| GLOBE EDITORIAL |
War profiteering by tax dodge
March 7, 2008
FOR YEARS, companies more interested in profits than patriotism have registered overseas or used foreign subsidiaries to avoid US taxes. Now a major Pentagon contractor once managed by Vice President Dick Cheney is using Cayman Islands shell companies to help it and its workers escape US payroll taxes.
KBR, the largest private contractor for the Pentagon in Iraq, has two shell companies in the Caymans, that, for bookkeeping purposes, employ about 10,500 Americans in Iraq. Because the companies are offshore, neither KBR nor the workers must pay Social Security and Medicare taxes, allowing the company and its workers to avoid paying about $100 million a year, according to Globe reporter Farah Stockman.
The revelation should give impetus to bills, including one sponsored by Senator John F. Kerry, that would close loopholes for companies registering overseas. "Failing to contribute to Social Security and Medicare thousands of times over isn't shielding the taxpayers they claim to protect," Kerry said. "It's costing our citizens in the name of short-term corporate greed."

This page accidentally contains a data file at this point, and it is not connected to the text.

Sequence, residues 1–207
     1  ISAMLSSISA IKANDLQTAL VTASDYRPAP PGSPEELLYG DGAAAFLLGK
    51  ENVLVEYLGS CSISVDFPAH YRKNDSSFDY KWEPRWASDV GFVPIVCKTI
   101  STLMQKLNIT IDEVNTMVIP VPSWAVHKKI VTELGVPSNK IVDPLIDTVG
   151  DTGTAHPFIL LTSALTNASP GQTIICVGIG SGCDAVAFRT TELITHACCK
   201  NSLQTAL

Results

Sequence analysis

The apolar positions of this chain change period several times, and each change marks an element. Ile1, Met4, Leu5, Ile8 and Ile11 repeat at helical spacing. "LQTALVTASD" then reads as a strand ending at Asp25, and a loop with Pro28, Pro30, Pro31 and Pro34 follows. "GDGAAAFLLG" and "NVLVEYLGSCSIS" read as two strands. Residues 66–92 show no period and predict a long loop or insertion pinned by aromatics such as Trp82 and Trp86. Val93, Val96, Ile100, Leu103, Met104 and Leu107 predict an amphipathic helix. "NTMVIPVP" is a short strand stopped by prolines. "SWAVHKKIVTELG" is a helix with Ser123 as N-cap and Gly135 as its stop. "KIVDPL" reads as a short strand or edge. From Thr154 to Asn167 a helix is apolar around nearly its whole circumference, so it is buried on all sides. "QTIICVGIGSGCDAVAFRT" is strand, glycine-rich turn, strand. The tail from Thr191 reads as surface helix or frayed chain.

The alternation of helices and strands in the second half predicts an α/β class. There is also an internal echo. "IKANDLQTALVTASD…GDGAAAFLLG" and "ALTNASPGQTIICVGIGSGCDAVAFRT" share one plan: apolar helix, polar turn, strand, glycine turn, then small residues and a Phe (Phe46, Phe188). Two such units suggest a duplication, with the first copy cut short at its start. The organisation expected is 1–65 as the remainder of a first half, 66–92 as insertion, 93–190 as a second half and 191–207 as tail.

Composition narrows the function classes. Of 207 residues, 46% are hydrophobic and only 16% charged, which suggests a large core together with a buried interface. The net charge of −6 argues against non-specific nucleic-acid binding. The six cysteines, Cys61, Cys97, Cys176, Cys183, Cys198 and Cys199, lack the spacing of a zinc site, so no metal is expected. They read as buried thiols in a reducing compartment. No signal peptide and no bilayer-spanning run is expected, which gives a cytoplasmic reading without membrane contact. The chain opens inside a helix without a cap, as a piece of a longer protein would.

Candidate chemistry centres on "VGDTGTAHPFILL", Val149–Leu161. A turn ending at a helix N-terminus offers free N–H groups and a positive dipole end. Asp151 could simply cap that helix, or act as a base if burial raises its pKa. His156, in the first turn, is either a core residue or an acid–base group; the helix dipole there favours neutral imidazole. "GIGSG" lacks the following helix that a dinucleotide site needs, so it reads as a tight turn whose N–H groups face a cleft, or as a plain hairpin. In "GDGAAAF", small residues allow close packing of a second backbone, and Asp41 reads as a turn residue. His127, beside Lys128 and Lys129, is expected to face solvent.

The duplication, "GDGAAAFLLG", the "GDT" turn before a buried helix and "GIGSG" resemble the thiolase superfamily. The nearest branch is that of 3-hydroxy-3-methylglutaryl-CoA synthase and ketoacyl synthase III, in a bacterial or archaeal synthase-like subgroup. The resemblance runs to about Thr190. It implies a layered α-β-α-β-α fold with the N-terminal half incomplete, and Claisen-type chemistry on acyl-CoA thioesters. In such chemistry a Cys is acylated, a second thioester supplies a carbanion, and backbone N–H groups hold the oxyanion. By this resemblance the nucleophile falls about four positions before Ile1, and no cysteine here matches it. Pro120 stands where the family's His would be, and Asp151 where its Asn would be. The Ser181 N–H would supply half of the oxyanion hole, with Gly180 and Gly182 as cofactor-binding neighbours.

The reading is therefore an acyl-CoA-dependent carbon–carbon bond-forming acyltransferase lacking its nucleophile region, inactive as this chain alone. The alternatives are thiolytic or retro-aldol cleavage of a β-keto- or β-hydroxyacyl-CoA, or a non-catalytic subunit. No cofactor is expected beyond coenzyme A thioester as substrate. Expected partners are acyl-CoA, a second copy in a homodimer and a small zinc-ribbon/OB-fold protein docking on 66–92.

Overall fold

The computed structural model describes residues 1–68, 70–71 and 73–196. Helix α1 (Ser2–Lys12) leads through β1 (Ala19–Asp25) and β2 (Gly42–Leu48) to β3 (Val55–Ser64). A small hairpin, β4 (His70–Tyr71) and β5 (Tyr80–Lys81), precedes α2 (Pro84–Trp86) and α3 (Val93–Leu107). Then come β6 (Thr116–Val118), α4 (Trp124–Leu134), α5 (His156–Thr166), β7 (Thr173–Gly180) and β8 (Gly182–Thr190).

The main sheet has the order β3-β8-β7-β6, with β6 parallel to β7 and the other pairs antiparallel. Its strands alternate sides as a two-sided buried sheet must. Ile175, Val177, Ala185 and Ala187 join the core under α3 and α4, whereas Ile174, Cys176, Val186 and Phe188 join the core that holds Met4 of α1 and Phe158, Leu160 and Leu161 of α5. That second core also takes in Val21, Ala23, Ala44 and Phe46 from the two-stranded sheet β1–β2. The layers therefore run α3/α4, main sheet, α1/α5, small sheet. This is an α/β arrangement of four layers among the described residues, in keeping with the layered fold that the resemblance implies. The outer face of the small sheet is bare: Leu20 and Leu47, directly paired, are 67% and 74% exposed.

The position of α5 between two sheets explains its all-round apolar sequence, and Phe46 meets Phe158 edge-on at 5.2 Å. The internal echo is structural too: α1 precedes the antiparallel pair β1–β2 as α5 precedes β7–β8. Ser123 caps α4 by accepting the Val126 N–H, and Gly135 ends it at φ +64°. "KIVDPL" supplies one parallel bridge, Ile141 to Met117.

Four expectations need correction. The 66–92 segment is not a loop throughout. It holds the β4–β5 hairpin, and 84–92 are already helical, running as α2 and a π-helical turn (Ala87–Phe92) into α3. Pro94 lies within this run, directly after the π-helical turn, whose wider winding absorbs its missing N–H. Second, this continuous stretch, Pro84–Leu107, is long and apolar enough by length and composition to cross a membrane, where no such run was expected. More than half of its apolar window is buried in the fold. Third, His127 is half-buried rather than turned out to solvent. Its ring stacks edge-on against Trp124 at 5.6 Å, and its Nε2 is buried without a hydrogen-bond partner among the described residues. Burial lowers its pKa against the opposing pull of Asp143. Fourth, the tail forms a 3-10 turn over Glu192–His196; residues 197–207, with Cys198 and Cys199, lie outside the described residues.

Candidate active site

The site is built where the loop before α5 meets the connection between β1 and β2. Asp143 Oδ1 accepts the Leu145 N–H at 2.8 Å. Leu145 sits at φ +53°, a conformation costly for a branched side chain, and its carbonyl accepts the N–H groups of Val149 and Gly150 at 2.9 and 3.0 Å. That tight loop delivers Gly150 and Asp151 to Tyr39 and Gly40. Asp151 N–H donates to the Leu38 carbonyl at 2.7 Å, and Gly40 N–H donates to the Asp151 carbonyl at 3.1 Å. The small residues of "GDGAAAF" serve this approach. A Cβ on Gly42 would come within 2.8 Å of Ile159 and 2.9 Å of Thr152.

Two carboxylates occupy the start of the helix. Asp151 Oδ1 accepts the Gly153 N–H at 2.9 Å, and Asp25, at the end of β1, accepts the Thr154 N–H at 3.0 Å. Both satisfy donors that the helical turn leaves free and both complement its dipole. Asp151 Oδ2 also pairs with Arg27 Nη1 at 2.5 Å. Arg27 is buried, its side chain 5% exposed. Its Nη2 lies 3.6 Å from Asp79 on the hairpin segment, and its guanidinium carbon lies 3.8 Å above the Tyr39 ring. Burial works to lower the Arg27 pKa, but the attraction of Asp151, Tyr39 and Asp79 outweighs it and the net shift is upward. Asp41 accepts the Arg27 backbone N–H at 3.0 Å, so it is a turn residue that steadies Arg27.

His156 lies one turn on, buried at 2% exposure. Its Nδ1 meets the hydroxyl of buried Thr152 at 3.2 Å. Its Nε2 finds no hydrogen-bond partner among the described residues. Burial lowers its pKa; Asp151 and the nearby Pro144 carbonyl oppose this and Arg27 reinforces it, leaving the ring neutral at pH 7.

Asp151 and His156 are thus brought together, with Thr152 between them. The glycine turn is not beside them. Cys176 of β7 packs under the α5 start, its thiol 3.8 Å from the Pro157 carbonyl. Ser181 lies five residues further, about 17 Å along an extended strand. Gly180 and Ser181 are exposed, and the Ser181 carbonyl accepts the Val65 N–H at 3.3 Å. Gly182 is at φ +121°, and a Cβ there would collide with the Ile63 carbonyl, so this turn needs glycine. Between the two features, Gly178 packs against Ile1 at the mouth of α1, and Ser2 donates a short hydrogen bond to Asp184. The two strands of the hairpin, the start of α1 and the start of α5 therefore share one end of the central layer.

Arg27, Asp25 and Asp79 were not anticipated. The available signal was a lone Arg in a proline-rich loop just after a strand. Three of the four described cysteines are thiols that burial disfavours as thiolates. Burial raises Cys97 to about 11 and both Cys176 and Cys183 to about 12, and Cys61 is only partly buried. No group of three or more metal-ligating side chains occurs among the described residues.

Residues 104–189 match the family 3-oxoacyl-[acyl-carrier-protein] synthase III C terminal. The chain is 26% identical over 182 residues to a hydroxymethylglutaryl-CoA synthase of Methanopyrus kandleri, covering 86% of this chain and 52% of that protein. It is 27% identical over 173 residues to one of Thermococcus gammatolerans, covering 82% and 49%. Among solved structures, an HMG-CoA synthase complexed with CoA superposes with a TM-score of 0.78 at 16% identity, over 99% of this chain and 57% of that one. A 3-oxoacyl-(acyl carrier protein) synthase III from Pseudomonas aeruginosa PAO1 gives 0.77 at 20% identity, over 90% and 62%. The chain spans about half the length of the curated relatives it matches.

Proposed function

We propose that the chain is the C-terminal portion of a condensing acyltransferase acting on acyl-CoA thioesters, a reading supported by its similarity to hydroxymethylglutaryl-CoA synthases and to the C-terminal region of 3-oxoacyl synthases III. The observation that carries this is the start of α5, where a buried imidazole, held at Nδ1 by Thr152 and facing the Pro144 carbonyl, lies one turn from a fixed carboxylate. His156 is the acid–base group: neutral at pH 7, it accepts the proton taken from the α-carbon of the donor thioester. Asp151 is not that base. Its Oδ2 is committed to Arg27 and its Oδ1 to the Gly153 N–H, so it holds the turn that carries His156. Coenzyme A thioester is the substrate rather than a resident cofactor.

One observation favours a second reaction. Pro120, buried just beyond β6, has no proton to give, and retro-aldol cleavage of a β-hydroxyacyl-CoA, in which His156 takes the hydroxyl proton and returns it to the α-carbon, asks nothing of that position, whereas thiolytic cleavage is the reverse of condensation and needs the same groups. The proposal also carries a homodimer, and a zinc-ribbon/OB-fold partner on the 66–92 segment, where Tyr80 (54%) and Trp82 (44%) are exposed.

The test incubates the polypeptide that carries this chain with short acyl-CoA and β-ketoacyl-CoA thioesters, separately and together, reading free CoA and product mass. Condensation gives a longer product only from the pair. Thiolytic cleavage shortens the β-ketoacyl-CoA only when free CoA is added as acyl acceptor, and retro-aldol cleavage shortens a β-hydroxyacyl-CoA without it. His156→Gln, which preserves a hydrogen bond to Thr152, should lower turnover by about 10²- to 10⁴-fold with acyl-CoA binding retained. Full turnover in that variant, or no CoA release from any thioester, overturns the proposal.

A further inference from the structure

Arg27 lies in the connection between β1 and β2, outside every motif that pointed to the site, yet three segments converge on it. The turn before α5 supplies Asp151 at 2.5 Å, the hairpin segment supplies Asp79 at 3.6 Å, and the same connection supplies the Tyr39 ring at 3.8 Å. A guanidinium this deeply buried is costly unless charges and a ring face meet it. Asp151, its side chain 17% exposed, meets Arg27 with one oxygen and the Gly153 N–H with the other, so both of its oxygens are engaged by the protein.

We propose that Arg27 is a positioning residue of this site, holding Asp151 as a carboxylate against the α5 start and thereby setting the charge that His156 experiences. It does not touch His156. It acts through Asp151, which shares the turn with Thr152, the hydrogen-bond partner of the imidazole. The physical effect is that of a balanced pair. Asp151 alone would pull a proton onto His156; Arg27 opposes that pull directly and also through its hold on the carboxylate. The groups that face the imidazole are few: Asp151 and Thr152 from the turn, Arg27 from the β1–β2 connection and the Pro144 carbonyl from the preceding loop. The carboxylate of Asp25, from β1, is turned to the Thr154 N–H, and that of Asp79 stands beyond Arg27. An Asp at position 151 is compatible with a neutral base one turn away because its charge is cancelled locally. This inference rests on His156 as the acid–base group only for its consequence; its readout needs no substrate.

The principal losers in KBR's tax dodge are US taxpayers. Even though KBR and the workers do not pay Medicare taxes, the employees still will be eligible for benefits eventually, hastening the predicted depletion of the Medicare fund. The workers themselves stand to lose out if they are laid off. Through its shell companies, KBR also avoids unemployment taxes in Texas, where it is registered, and its employees get no unemployment benefits.
When KBR set up the second of its two shells in the Caymans, it was still owned by Halliburton . Halliburton's chief executive then was Cheney. His office referred inquiries into the matter to Cheney's personal lawyer, who has not replied to inquiries from the Globe.
A KBR spokeswoman said the company does not save money by avoiding the taxes, because its contracts call for the Pentagon to reimburse it for all its employee costs. But evading the payroll taxes gives KBR a competitive edge when it bids against other contractors in Iraq. KBR cannot claim that everyone is doing it. Stockman could identify just one other major contractor among the 10 leading ones in Iraq that has set up a foreign subsidiary in this way.
The Pentagon has known of the KBR loophole, but has not complained about it, on the grounds that the savings are passed on to the military. This is a short-sighted view. The Pentagon should not be encouraging contractors to work tax angles that damage the fiscal well-being of the country, even if they provide short-term savings to the military.
Ultimately, though, it is up to Congress to protect the country from these Benedict Arnold CEOs, in Kerry's phrase, by ending all overseas tax havens.